“Advertising has proved to be the last frontier when it comes to reflecting societal changes. “There is a natural hesitancy to speak to where [consumers] are rather than lead them where they should go, because what if they say, ‘no’?” said Mr. Chambers,” in Ad Age’s article Ad Campaign Finally Reflects Diversity

Advertisements don’t just respond to need, they create demand; they do not just solve solutions to a problem a consumer may have, they create a solution to a problem they never even knew existed. As Mr. Chambers said, the advertisement industry has been the last to jump the positive bandwagon of reflection diversity because of the fear of the unknown; the industry has a comfortable niche of being used to ‘creating’ what people should want, where they should go; now the people are independently voicing where they see where advertisements should go too. I would argue majority of the public believes advertisements should have the ethical responsibility of representing our society in a just way, full of diversity, or else there wouldn’t be changes in the industry to begin with. There has been monumental and rapid changes to the radical transformation of the advertising industries to respond to the demand for diversity in their ads, however, while the industry talks about diversity in advertising, they lack diversity in their workforce.

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Which brings forth a very thought provoking question, the ethical theory of consequentialism; the advertisement industry is definitely bringing in more diversity into their ads and campaigns, but is that enough when the internal structure itself doesn’t reflect the diversity that they are trying to convey? Wouldn’t it be more appropriate to have a diverse workforce putting together diverse advertisements because it would create more plausible authentic pieces of advertisement? According to the Bureau of Labor Statistics, of the 582,000 Americans employed in advertising and communications in 2014, less than half are women, 6.6% are black or African American, 5.7% are Asian and 10.5% are Hispanic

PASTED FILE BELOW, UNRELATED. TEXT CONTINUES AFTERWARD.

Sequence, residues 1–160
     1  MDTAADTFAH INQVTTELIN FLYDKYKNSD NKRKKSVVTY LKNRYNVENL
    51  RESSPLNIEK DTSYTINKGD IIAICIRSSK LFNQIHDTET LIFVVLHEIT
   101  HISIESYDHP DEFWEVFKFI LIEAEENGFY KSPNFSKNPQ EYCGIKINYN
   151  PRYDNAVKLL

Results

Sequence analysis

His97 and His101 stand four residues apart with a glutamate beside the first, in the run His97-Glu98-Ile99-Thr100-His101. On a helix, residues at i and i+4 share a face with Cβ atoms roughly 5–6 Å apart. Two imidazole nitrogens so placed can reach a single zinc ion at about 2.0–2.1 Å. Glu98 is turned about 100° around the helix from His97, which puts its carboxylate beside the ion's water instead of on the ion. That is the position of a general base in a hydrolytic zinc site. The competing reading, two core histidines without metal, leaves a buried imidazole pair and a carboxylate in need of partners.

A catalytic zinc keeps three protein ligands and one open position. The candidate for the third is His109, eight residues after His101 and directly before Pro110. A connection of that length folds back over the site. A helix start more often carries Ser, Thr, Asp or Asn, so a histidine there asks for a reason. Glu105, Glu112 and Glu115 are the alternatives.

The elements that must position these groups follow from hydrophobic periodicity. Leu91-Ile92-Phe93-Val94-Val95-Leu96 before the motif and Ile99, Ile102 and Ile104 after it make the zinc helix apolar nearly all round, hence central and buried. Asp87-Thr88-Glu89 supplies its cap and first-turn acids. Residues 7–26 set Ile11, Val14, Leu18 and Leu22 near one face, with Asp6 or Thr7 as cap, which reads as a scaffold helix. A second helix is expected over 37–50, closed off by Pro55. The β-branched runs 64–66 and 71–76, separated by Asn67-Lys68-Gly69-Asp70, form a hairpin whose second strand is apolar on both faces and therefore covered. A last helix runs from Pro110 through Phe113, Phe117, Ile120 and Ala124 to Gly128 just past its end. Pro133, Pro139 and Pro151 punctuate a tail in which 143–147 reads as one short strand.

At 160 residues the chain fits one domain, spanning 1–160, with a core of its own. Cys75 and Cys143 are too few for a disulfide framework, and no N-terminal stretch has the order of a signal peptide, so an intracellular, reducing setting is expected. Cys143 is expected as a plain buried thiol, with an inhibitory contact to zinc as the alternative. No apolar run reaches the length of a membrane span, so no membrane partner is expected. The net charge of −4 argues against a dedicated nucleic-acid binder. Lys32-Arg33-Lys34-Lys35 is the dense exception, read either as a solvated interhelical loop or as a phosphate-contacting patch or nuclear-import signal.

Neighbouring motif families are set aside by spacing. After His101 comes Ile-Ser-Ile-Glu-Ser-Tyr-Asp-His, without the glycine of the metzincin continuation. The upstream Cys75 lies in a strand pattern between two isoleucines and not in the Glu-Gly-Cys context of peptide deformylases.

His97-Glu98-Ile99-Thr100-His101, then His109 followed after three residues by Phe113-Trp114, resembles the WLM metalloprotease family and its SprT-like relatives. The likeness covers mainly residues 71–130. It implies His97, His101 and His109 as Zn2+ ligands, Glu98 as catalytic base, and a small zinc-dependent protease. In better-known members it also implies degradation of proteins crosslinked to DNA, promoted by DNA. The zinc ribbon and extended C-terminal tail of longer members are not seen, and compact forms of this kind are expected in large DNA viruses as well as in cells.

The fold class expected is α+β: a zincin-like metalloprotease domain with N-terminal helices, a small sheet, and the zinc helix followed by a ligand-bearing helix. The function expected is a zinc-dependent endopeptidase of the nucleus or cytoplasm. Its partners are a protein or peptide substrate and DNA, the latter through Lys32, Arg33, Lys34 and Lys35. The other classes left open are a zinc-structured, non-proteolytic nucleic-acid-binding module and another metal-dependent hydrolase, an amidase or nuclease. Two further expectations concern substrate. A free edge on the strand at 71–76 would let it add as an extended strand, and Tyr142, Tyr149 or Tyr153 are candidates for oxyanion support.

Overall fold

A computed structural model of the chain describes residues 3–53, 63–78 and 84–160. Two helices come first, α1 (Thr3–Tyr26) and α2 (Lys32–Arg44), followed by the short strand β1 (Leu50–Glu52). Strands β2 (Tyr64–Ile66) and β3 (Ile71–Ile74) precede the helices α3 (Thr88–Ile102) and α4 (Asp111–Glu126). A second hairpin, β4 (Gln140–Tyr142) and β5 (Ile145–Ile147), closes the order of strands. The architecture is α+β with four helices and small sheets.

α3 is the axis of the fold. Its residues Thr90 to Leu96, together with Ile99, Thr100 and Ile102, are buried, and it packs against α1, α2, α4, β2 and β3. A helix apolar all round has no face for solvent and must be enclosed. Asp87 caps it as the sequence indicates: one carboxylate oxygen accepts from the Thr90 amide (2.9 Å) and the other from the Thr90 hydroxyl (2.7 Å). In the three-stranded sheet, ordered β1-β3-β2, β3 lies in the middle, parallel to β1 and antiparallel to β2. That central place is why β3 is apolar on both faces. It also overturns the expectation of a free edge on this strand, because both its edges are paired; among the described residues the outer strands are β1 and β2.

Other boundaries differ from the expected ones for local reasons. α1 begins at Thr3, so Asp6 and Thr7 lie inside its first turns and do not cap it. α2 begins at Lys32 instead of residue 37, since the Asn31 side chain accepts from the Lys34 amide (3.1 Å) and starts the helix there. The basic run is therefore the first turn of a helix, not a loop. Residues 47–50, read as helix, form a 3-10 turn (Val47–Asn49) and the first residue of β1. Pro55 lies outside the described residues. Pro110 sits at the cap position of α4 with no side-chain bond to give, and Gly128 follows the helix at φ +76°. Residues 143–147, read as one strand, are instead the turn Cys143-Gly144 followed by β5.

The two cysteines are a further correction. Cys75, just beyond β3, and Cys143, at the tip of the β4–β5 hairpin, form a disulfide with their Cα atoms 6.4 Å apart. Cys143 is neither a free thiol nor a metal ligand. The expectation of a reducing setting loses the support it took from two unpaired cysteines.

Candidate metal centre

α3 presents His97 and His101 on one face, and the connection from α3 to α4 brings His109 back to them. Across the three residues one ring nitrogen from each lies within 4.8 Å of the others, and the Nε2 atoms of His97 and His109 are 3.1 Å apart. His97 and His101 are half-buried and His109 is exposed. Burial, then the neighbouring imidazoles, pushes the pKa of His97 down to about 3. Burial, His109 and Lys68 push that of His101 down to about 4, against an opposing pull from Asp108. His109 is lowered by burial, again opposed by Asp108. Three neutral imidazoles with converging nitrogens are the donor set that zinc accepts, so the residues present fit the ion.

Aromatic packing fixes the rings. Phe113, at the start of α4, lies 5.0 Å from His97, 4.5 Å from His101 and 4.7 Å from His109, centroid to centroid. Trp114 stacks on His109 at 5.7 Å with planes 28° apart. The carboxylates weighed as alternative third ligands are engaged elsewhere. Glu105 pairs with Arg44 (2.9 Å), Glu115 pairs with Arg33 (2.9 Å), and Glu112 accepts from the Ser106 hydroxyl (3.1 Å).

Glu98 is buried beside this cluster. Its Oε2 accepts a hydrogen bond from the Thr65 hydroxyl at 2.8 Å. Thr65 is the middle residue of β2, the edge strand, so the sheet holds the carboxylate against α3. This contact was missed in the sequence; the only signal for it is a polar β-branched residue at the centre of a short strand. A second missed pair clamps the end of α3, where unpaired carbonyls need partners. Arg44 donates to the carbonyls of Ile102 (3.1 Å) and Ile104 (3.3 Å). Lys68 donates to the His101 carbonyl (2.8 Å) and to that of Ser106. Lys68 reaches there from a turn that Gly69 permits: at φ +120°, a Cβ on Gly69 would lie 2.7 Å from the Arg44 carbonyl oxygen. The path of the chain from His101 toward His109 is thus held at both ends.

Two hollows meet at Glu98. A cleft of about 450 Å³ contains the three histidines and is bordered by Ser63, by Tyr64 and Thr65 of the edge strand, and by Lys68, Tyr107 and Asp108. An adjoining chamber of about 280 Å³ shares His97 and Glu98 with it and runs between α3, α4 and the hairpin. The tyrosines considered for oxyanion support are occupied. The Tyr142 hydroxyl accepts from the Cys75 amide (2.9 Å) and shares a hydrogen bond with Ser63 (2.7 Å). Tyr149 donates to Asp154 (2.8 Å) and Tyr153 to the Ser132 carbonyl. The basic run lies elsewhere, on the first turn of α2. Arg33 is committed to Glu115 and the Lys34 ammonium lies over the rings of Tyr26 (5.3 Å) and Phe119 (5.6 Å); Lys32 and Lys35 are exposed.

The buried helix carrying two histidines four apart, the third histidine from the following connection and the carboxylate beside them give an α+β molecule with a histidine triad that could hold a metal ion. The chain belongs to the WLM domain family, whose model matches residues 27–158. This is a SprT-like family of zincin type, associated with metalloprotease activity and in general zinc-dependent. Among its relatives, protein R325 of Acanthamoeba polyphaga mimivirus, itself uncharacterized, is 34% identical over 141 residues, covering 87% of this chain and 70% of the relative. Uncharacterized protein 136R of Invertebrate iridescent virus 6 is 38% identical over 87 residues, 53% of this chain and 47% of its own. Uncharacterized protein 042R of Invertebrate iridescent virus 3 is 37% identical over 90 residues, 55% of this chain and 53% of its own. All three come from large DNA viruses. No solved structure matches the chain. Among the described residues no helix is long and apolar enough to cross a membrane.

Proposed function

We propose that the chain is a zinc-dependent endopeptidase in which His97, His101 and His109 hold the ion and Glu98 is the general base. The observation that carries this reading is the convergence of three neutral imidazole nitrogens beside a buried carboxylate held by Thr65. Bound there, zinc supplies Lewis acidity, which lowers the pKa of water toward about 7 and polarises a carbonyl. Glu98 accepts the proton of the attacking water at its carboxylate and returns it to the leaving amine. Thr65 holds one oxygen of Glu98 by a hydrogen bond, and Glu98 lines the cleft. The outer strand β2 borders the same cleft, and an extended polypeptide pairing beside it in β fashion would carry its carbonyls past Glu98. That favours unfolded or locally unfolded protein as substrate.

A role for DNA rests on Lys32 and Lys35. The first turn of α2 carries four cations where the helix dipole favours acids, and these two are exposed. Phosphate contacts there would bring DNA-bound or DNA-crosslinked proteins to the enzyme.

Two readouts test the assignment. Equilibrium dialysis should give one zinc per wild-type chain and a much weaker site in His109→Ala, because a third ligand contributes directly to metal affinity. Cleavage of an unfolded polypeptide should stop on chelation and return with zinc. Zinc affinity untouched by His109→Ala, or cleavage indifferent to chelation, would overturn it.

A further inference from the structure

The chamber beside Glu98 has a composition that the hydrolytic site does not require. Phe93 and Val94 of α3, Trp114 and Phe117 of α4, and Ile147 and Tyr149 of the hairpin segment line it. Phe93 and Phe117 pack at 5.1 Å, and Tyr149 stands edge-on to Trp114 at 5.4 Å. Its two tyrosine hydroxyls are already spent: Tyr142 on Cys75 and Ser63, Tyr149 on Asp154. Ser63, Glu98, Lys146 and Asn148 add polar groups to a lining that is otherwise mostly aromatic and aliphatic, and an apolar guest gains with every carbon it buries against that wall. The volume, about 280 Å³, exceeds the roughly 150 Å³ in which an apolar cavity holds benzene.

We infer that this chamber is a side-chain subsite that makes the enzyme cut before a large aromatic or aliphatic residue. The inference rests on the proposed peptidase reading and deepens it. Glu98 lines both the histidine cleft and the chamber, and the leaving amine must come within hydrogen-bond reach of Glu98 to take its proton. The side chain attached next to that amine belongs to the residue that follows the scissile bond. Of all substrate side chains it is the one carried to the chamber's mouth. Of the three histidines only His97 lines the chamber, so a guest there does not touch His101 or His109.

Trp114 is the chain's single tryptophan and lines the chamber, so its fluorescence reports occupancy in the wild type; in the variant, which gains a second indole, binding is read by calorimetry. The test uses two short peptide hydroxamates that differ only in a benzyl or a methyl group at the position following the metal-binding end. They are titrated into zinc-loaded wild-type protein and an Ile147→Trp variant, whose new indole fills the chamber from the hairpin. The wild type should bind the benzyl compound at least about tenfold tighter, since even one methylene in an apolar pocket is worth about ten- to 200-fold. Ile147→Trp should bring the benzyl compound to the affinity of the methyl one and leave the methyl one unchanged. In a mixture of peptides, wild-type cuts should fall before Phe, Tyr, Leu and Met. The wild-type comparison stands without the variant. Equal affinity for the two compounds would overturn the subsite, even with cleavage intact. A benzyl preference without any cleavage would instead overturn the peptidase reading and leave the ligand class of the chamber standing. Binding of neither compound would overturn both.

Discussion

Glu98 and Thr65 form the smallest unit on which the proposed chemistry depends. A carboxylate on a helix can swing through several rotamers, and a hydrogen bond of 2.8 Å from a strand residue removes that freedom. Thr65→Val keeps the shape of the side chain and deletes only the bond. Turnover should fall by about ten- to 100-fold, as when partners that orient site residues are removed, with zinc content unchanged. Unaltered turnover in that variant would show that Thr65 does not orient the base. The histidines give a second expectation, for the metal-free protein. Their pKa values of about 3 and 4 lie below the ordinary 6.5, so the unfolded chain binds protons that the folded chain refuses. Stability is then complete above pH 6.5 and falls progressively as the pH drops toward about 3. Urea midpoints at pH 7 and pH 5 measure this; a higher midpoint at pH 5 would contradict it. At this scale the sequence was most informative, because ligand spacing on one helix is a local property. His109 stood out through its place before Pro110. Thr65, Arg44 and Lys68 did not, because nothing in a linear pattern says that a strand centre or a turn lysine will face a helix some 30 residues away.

“Diversity of thought is powerful. We need to become the industry that embraces a vast array of talent from different ethnic and racial backgrounds, while also making a real effort to recruit people of different cultural experiences, ages, genders, religions, sexual orientations and lifestyles. This will give us the insights and the skills to evolve alongside the massive demographic, technological and social shifts that we’ll see in the coming decades.” Gina Grillo in Advertising Industry Needs Diverse Leadership to Thrive

The advertisement industry is a way to communicate with consumers, the benefits of cultivating diversity internally as much as the attempts to do so externally are higher than any other medium attempting to do the same. There can be an increase in differentiating innovative ideas, various perspectives, and a general better understanding of society as a whole. The impact the advertisement industry can benefit from diversity is a two-way street, for the industry and the people, in both aspects of fairness, ethics and an effective business. I believe it is advertisements ethical responsibility to reflect society appropriately and justly, and if the industries don’t continue to hop on board with the changing demographics of the future, they will get left behind in an unrealistic illusion they have made for themselves.